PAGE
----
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[Poisonings in Sweden 1990. Deliberate drug overdosage dominates]

https://arctichealth.org/en/permalink/ahliterature68498
Source
Lakartidningen. 1995 Jan 25;92(4):283-6
Publication Type
Article
Date
Jan-25-1995
Author
B. Irestedt
H. Persson
G. Sjöberg
E. Torell
Author Affiliation
Giftinformationscentralen, Karolinska sjukhuset, Stockholm.
Source
Lakartidningen. 1995 Jan 25;92(4):283-6
Date
Jan-25-1995
Language
Swedish
Publication Type
Article
Keywords
Adult
Humans
Overdose - epidemiology
Poisoning - diagnosis - epidemiology - mortality
Suicide - statistics & numerical data
Suicide, Attempted - statistics & numerical data
Sweden - epidemiology
PubMed ID
7845098 View in PubMed
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[Poisonings with analgesics. Paracetamol and dextropropoxyphene dominate and cause the most severe symptoms in a 3-year material]

https://arctichealth.org/en/permalink/ahliterature68478
Source
Lakartidningen. 1996 May 15;93(20):1955-60
Publication Type
Article
Date
May-15-1996

A study of 136 cases of adder bite treated in Swedish hospitals during one year.

https://arctichealth.org/en/permalink/ahliterature40805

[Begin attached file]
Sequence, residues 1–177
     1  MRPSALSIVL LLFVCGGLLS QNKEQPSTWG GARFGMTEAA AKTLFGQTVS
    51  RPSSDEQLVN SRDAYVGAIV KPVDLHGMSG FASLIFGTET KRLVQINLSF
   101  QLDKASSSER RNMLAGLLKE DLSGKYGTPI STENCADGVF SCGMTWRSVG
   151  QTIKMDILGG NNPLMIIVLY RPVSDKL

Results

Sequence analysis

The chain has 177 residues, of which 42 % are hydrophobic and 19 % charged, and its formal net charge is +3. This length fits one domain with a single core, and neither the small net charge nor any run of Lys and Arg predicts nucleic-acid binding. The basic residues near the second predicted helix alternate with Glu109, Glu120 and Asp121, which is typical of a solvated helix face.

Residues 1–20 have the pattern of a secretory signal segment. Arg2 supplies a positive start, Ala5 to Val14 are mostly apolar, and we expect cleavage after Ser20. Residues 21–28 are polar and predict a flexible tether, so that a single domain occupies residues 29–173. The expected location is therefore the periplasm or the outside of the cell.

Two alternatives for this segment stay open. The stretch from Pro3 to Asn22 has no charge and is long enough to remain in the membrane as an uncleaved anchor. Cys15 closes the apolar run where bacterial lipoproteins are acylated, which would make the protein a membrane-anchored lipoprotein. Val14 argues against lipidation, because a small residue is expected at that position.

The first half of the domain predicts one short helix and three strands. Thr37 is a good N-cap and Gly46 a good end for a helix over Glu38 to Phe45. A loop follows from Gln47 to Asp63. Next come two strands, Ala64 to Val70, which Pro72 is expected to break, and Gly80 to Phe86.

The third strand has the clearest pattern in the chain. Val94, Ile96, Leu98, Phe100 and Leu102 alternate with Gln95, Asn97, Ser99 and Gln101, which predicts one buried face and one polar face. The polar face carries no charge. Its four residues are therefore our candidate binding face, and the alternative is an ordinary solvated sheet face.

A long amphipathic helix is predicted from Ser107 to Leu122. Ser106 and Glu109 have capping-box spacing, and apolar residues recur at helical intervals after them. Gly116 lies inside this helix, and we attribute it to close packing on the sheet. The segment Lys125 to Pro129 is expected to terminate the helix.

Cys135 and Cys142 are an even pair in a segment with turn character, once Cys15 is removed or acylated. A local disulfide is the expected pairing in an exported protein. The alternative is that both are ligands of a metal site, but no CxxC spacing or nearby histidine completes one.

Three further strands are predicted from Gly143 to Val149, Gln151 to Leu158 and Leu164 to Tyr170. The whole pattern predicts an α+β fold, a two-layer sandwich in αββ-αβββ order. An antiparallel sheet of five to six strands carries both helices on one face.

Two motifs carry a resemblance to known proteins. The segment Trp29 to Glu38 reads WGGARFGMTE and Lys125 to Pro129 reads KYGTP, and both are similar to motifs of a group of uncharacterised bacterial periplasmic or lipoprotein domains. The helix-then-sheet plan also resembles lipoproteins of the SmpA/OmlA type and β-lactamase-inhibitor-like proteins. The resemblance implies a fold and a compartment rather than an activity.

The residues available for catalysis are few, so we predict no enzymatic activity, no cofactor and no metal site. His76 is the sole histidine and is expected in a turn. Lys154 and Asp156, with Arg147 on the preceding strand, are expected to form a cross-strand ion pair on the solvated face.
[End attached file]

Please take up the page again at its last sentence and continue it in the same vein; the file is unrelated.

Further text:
Source
Acta Med Scand. 1981;210(6):433-9
Publication Type
Article
Date
1981
Author
H. Persson
B. Irestedt
Source
Acta Med Scand. 1981;210(6):433-9
Date
1981
Language
English
Publication Type
Article
Keywords
Adolescent
Adult
Age Factors
Aged
Child
Child, Preschool
Female
Humans
Male
Middle Aged
Prognosis
Retrospective Studies
Sex Factors
Snake Bites - diagnosis - epidemiology
Sweden
Viper Venoms - poisoning
Abstract
The adder (Vipera verus) is the only naturally occurring poisonous snake in Sweden. During one year, 136 patients were hospitalized due to adder bites in a population of 5.3 mill. (63% of the total population). These patients could be traced through the central register on diagnosis codes and have been studied retrospectively. The main purpose of the investigation was to study the epidemiology and to estimate the degree of poisoning, thereby getting an idea of the frequency of really severe cases. Minor local symptoms occurred in 27% of the patients, whereas 46% suffered mild, 15% moderate and 12% severe poisonings. The average duration of hospitalization was 1.6, 3.8, 5.5 and 7.6 days, respectively, for these four groups. Shock, CNS disturbances, anaphylactic reactions, extensive edemas, renal dysfunction and severe anemia were typical findings in the group with severe reactions. Although no deaths occurred, the proportion of severe cases contrasts with the current conception that severe envenomation after adder bites is rare. The mortality due to adder bite has been low during the last decades. Earlier the situation was different, and during 1911-78 altogether 44 deaths due to adder bite were registered in Sweden.
PubMed ID
7331888 View in PubMed
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